Climate change crisis: 7.2 billion people could be exposed to losses in food production by 2100 if emissions go unchecked
The recent study follows a UN report, which says that greenhouse gas emissions continue to rise, despite scientific warnings and political commitment, and have increased at a rate of 1.5% per year in the last decade.
The world’s food resources are being exploited at unprecedented rates, and climate change will make things worse, say experts. An estimated 7.2 billion people or 90% of the world’s human population could be exposed to losses of food production in both agriculture and marine fisheries by 2100 if greenhouse gas emissions go unchecked, according to an analysis, which says climate change will impact people’s food loss from both land and sea.
In contrast, fewer than 3% or 0.2 billion people live in regions where increased productivity is predicted for both sectors, under climate change.
“Climate change can alter conditions that sustain food production and availability, with cascading consequences for food security and global economies. Under a “business-as-usual” emission scenario, about 90% of the world’s population -- most of whom live in the most sensitive and least developed countries -- are projected to be exposed to losses of food production in both sectors, while less than 3% would live in regions experiencing simultaneous productivity gains by 2100,” says the study published in Science Advances.
Greenhouse gas levels have reached a record high
The report by multiple institutions -- including National Center for Scientific Research, PSL Université Paris, France; Laboratoire d’Excellence CORAIL, Moorea; and Department of Geography, University of Hawai’i, US -- comes close on the heels of a World Meteorological Organization (WMO) report which says that levels of heat-trapping greenhouse gases in the atmosphere have reached a new record high.
The WMO study shows that globally averaged concentrations of carbon dioxide reached 407.8 parts per million (ppm) in 2018, up from 405.5 parts per million in 2017.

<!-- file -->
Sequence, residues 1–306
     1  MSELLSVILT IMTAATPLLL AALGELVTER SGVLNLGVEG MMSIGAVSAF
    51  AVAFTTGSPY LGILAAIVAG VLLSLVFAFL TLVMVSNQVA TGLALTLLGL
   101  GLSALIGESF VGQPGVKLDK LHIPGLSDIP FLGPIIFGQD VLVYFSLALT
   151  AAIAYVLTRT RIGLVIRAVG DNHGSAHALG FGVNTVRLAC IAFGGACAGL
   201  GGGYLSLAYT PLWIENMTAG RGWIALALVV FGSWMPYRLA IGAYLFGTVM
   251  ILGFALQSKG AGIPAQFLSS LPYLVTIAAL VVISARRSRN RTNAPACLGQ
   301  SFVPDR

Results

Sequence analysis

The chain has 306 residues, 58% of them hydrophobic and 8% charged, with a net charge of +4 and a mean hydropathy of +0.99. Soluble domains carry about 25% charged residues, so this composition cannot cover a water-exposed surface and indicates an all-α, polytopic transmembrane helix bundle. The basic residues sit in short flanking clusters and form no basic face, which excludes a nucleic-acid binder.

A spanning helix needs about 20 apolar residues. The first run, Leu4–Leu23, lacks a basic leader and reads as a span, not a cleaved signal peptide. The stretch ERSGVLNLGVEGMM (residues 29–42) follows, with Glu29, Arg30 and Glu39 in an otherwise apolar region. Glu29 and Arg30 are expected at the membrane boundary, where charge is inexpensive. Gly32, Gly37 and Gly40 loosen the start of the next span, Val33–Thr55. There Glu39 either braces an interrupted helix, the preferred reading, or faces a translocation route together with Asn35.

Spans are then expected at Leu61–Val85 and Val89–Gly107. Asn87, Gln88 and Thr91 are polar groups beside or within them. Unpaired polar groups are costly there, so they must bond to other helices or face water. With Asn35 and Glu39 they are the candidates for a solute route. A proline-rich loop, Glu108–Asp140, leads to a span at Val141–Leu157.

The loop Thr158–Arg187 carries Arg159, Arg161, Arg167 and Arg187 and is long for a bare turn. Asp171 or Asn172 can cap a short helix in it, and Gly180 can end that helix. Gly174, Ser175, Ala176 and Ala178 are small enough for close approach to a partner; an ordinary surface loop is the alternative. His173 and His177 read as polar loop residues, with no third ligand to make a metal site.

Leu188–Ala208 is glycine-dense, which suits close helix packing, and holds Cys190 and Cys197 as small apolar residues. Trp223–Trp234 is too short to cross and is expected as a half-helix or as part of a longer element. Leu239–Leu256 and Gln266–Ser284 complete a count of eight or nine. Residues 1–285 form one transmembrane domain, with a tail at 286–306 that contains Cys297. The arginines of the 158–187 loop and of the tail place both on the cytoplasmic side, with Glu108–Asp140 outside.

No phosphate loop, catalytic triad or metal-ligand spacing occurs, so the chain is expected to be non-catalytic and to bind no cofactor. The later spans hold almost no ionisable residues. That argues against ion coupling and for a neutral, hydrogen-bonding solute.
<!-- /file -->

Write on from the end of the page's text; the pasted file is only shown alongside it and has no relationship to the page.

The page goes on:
According to WMO experts, what is worse is that there is no sign of a slowdown, let alone a decline, in greenhouse gas concentration in the atmosphere despite all the commitments under the Paris Agreement on Climate Change.
The emissions gap report 2019 by the United Nations (UN) presents a similarly bleak picture. It says that greenhouse gas emissions continue to rise, despite scientific warnings and political commitments. The emissions have increased at a rate of 1.5% per year in the last decade, stabilizing only briefly between 2014 and 2016, and total greenhouse gas emissions, including from land-use change, reached a record high of 55.3 gigatonnes of equivalent carbon dioxide (GtCO2e) in 2018.
The UN experts caution that by 2030, emissions would need to be 25% and 55% lower than in 2018 to put the world on the least-cost pathway to limiting global warming to below 2˚C and 1.5°C, respectively.
Climate change to impact food loss from both land and sea
In the current study, researchers analyzed the vulnerability of societies to the simultaneous impacts of climate change on agriculture and marine fisheries on a global scale. The team used the vulnerability framework developed in the Intergovernmental Panel on Climate Change (IPCC) to predict changes in maize, rice, soy, and wheat agricultural crops in 240 countries, states, or territories, as well as to predict changes in marine fisheries in 194 locations.